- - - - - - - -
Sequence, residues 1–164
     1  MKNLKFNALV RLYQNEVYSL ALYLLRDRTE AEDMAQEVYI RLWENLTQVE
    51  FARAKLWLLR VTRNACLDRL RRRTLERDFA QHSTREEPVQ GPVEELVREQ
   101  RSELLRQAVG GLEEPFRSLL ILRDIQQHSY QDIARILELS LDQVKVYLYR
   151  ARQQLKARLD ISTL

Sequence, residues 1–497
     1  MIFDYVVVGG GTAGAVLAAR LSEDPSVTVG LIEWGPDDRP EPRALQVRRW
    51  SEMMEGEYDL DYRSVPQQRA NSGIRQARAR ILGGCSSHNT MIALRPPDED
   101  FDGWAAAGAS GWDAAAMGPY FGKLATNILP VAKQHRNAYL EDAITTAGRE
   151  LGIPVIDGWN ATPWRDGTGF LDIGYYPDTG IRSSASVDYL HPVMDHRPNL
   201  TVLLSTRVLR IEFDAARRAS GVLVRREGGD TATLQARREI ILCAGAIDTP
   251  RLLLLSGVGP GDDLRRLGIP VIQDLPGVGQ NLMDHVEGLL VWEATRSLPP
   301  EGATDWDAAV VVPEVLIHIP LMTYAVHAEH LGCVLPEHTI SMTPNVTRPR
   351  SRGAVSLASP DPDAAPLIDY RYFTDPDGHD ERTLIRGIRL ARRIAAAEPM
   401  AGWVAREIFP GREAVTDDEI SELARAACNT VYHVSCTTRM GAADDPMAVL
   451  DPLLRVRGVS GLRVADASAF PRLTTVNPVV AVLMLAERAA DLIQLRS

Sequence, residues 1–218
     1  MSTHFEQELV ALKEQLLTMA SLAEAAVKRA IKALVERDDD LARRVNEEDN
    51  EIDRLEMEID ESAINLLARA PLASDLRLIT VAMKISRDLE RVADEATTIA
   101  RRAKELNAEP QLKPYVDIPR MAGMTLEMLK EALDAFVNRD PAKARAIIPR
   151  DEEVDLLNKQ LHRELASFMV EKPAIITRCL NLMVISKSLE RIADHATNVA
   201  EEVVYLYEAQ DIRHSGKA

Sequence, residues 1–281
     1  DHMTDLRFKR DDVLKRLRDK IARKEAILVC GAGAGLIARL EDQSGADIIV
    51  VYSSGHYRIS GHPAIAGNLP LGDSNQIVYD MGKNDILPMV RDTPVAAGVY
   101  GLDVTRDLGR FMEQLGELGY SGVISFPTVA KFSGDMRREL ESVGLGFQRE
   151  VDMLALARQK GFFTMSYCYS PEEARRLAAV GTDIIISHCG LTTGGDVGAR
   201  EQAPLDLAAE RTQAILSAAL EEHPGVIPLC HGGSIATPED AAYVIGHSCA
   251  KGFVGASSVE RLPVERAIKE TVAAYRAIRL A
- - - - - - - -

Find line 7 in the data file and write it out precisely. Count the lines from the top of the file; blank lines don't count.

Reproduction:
     1  MIFDYVVVGG GTAGAVLAAR LSEDPSVTVG LIEWGPDDRP EPRALQVRRW